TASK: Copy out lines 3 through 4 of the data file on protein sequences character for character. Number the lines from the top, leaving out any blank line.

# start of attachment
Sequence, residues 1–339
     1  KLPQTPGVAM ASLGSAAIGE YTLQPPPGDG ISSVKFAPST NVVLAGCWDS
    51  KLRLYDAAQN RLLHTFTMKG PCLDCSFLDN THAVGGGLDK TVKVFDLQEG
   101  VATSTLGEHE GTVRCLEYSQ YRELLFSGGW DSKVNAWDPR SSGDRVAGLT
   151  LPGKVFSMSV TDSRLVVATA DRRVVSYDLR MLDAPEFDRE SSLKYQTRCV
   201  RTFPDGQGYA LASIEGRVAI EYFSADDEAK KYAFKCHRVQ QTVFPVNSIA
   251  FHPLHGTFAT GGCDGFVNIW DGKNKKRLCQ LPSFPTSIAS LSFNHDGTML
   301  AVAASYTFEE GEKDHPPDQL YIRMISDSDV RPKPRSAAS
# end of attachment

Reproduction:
    51  KLRLYDAAQN RLLHTFTMKG PCLDCSFLDN THAVGGGLDK TVKVFDLQEG
   101  VATSTLGEHE GTVRCLEYSQ YRELLFSGGW DSKVNAWDPR SSGDRVAGLT